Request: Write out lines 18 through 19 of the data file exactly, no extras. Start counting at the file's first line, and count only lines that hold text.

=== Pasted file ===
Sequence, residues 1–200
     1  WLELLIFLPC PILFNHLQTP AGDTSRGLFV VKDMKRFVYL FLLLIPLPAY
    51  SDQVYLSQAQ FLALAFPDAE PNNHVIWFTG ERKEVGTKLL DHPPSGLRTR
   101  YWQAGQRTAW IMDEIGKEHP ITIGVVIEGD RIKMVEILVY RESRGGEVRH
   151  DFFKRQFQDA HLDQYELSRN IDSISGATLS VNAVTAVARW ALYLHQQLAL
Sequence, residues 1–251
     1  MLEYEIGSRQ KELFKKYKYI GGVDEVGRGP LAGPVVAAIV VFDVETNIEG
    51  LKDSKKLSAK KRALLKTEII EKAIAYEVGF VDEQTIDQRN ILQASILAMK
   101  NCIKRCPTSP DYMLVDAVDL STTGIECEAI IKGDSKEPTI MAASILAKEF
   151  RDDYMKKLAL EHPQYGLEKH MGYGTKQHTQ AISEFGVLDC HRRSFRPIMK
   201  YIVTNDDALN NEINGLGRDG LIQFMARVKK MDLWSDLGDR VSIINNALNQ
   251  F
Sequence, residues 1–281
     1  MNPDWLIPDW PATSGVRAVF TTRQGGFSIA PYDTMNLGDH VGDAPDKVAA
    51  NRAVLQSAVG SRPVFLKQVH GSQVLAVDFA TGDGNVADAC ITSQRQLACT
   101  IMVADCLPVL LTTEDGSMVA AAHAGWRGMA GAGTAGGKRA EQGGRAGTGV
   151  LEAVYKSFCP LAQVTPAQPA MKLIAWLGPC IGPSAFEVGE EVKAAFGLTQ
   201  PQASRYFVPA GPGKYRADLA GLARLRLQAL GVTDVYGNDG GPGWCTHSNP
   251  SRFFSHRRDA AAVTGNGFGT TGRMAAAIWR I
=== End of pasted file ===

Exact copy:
   201  PQASRYFVPA GPGKYRADLA GLARLRLQAL GVTDVYGNDG GPGWCTHSNP
   251  SRFFSHRRDA AAVTGNGFGT TGRMAAAIWR I